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Tuesday, April 1, 2014

Airplane Search Sheds Light On Massive Marine Pollution

Captain Charles Moore retrieves plastic debris from the ocean in September 2007. (Algalita Marine Research Institute)

Captain Charles Moore retrieves plastic debris from the ocean in September 2007. (Algalita Marine Research Institute)

A wrinkle in the search for Malaysia Airlines flight 370 has been the mistaking of garbage on the surface of the ocean for possible airplane debris.

The spotting of garbage should come as no surprise. It covers a large segment of the world’s oceans.

Captain Charles Moore has been studying the problem for years. He’s conducted sampling for plastic fragments through more than 40,000 miles of the North Pacific Ocean.

“The ocean is truly a plastic soup, and what we’re calling the croutons are these things that the searchers are finding,” he tells Here & Now’s Robin Young from his home in Long Beach, California.

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Robin and Jeremy

Robin Young and Jeremy Hobson host Here & Now, a live two-hour production of NPR and WBUR Boston.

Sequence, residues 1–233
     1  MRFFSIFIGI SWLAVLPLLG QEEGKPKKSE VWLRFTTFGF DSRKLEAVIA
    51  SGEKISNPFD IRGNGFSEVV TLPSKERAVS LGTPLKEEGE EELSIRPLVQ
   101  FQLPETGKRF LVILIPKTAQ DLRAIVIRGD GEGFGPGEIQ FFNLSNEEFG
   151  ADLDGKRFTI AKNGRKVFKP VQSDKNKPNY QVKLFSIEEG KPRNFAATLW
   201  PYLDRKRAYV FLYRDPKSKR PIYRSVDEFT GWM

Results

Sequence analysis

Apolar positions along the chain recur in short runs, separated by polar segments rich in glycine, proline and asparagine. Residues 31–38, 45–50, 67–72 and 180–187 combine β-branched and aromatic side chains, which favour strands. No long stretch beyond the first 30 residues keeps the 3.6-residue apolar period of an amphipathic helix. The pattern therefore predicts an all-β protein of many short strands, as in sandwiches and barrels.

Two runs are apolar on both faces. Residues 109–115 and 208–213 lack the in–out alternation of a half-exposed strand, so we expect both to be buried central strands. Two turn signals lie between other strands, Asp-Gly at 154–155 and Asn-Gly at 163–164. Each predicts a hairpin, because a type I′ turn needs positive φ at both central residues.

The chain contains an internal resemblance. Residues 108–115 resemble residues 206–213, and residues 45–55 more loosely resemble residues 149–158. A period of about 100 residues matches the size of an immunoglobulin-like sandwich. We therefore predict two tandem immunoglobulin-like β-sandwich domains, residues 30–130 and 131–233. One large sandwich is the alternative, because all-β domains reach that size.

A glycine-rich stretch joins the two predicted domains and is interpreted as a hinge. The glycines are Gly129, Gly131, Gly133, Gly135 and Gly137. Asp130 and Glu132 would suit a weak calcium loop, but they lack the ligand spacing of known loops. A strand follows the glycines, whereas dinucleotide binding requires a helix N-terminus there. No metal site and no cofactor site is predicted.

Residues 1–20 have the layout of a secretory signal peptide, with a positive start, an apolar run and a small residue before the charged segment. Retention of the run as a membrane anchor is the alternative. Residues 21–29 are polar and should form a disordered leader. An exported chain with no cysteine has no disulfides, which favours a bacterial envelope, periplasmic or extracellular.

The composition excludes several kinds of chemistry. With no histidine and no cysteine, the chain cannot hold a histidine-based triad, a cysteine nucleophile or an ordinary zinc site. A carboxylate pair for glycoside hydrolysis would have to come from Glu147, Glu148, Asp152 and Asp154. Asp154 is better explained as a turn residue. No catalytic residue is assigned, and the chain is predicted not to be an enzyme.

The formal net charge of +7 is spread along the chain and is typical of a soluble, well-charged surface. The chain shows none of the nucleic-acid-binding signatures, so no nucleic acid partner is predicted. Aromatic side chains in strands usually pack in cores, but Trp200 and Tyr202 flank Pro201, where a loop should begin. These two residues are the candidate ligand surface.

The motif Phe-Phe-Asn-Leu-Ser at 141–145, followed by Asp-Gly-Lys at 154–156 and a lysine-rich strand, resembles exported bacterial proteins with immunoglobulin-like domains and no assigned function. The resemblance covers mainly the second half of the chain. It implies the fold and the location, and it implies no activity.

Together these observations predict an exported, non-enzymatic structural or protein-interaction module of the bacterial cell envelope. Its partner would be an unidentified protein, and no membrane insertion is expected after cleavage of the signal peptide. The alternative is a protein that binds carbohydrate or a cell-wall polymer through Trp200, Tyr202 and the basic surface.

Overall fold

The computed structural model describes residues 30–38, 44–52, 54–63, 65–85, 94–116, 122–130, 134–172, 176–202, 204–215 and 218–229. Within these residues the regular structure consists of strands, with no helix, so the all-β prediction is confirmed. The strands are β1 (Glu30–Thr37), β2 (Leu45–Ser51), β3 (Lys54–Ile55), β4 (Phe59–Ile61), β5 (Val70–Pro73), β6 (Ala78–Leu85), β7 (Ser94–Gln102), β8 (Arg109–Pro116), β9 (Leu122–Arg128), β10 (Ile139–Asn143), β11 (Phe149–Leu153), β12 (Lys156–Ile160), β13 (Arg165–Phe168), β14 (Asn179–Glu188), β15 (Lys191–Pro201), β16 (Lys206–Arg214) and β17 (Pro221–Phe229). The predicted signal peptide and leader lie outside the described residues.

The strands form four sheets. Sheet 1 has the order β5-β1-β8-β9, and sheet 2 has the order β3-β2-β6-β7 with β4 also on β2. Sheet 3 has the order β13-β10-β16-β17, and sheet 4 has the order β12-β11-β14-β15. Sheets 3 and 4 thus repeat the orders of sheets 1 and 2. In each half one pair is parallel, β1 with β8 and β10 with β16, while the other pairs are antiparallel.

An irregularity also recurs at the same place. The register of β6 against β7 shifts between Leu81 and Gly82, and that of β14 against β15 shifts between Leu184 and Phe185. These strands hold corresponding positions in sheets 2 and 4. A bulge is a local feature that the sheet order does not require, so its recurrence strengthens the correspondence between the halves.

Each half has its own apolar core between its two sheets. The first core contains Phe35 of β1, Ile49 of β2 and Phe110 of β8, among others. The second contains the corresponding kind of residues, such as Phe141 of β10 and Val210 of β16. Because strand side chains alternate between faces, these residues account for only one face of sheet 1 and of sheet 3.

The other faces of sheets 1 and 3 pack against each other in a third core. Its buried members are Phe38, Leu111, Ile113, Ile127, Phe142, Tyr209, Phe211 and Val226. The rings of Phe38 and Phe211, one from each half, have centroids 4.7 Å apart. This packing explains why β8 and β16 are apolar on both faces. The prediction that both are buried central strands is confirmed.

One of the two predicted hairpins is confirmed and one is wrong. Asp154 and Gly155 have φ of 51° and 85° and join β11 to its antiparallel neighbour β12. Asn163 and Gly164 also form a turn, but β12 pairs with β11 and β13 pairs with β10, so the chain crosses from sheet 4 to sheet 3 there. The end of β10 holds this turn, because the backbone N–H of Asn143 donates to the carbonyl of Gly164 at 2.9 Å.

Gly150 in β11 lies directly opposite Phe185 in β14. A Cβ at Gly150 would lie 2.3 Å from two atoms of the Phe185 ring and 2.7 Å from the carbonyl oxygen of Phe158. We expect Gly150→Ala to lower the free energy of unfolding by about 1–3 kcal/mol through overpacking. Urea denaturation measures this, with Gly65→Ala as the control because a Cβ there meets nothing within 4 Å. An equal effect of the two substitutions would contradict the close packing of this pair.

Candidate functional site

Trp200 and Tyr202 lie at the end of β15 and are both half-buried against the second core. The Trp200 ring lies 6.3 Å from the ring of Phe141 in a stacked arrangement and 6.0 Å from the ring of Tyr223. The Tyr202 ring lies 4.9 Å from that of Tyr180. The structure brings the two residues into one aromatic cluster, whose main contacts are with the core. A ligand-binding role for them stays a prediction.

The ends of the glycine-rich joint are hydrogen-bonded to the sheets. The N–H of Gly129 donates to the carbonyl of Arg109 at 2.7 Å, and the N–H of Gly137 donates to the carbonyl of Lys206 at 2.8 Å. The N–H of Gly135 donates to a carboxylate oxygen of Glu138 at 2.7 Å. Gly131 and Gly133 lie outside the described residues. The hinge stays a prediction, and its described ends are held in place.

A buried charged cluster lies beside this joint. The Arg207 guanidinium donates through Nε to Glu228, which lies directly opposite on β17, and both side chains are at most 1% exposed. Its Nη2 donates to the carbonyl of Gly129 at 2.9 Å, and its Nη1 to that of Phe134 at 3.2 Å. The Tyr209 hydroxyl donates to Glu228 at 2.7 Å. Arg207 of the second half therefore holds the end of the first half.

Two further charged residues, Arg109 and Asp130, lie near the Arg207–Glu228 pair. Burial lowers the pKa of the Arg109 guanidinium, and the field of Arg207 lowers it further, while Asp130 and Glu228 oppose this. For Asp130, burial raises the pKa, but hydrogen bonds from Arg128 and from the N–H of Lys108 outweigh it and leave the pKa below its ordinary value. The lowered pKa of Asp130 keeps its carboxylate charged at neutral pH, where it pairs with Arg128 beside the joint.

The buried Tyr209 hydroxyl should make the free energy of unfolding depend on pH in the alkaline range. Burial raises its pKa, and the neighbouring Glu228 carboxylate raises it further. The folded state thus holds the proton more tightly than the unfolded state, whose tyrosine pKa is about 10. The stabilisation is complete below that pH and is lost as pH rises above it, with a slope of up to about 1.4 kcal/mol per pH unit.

April 29 17 Comments

What’s A Delegate? And Why Do We Even Have Them In The First Place?

Here & Now's Robin Young speaks with Richard Pacelle, professor of political science at the University of Tennessee, to find some answers.

April 29 3 Comments

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A bipartisan effort to name the bison the first national mammal of the U.S. has passed in Congress.

April 28 32 Comments

Men Read Mean Tweets At Women And The Video Goes Viral

Two Chicago-area sports journalists gathered the tweets directed at them and asked men to read them to their faces. The result went viral.

April 28 7 Comments

HBO's CEO On Virtual Reality And ‘Sesame Street’

In the second part of our interview with Richard Plepler, he discusses why the premium cable network picked up "Sesame Street."